No contest—my choice for No. 1 meal in 2011 is Masa’s omakase in New York City, and Prune is certainly in the top 10 (see Have Fork, Will Travel). But I’ve eaten some amazing food here at home this year. The dishes that follow, available on regular menus or as specials, stand out as top notch. I have a hard time distinguishing between them for quality and sheer enjoyment, so in no particular order:
My first meal at Torinos’ was an eye opener. The homemade tagliatelle noodles with braised brisket came in a deep bowl with braising liquid to sauce the dish. For dessert, a poached pear sitting on a base of sweetened mascarpone and drizzled with chocolate convinced me that I would be back for more.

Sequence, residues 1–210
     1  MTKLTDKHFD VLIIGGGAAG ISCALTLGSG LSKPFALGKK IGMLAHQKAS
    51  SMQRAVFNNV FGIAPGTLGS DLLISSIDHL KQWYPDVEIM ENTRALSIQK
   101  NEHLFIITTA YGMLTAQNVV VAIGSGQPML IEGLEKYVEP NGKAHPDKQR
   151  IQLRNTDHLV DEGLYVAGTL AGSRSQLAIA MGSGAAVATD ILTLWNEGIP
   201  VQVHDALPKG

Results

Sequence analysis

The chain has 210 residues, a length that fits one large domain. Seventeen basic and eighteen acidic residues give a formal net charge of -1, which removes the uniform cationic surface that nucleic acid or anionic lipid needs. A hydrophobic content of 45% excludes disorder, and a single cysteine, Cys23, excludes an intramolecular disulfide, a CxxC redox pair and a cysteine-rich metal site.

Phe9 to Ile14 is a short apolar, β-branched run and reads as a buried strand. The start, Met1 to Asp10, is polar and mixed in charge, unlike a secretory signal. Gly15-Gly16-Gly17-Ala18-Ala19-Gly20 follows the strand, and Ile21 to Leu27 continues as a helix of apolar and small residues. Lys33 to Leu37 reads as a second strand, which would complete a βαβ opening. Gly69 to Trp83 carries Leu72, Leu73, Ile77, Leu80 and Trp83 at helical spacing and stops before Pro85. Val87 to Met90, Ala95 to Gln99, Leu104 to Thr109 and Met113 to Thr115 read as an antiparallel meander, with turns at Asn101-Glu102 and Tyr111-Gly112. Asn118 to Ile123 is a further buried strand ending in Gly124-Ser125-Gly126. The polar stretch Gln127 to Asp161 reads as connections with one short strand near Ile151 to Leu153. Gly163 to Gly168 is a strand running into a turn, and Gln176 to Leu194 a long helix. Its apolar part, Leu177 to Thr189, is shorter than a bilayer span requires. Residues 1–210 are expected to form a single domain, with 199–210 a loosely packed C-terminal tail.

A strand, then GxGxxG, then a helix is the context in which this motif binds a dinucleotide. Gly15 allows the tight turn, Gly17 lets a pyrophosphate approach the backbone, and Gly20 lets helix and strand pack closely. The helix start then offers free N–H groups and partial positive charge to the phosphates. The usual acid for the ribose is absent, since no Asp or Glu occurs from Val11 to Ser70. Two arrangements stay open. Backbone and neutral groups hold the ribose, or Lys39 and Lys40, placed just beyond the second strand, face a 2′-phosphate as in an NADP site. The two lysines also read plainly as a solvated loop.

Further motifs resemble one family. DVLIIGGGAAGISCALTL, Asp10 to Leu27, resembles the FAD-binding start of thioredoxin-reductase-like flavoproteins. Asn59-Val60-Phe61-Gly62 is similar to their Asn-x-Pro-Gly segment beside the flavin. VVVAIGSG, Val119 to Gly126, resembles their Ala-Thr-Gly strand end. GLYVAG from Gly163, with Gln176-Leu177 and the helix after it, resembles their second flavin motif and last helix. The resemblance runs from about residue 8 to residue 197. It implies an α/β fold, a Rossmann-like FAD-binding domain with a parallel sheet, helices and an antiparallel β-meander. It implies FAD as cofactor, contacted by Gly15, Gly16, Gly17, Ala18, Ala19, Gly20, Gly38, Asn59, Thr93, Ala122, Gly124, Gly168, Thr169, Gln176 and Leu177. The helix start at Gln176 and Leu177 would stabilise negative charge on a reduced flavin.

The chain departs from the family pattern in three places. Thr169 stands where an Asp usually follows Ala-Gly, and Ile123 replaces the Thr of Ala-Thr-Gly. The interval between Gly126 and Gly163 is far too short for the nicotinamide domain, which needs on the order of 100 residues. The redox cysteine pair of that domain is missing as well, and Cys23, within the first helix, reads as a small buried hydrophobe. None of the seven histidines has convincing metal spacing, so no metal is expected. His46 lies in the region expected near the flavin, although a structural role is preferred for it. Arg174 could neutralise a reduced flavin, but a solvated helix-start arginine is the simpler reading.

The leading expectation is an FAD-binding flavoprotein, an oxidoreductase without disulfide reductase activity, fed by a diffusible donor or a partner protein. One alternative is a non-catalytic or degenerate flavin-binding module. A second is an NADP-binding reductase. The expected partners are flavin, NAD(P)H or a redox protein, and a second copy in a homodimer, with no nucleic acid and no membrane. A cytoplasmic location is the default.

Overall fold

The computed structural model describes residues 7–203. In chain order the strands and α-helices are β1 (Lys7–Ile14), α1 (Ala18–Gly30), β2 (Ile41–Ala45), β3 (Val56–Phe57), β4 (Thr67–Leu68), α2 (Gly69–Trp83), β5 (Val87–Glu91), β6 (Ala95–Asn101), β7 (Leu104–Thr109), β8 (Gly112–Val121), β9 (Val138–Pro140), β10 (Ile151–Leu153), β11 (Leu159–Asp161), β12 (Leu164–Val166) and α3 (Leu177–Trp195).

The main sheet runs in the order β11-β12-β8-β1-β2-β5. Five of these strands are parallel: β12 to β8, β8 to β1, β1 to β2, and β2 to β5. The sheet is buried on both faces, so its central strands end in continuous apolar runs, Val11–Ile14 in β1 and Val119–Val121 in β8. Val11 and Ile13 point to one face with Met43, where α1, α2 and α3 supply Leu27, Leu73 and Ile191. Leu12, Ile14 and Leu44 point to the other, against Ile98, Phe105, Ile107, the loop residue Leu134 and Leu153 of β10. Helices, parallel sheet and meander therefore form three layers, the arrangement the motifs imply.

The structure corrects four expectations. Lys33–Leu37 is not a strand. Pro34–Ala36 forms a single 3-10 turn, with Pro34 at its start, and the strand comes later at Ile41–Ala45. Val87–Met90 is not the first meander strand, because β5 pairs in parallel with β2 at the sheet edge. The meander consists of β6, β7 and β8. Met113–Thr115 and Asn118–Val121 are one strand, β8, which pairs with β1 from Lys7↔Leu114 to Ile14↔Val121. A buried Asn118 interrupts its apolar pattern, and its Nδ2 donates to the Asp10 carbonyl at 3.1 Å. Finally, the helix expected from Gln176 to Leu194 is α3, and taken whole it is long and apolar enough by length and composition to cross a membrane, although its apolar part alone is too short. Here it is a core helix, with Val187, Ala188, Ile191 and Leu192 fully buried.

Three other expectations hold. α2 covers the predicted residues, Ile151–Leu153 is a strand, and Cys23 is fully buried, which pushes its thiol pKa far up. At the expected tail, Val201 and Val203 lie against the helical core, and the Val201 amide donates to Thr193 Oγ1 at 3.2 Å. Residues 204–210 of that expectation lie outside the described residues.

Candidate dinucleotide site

Chef Christophe Descarpentries outdid himself with his bouillabaisse, a Mediterranean fish stew rich with saffron, imported rascasse (rockfish), clams, mussels and shrimp laced with potatoes and vegetables. The stock was reduced seven times, and I tasted the care in every bite. Also on the list is his poule au pot, which I’ve singled out before [ “Taste of the Town,” Oct. 27-Nov. 2].
This hearty breakfast started my day off right and stuck to my ribs. Chunks of tender pork belly and sweet potatoes shared the plate with poached eggs, fresh fruit and Grove toast.
Pork belly again—with braised lettuce, grilled tomatoes and a secret sauce. Jennifer James knows how to make simple food extraordinary.
I thoroughly enjoy the variety of ingredients and textures I find at StreetFood Asia, but I especially liked the ribs, wings and satay in the grilled meat sampler. I chose steamed rice and lettuce wraps to fill the table.
Chef Claus made it just the way his Danish grandmother did: slow-roasted duck stuffed with apples and prunes, with braised red cabbage, caramelized baby potatoes and homemade pickles.
Count on newcomer Chef Elvis Bencomo to take a fish taco to new heights. The flavor of banana-crusted filets, guacamole, slaw and sauce almost burst out of their tortillas.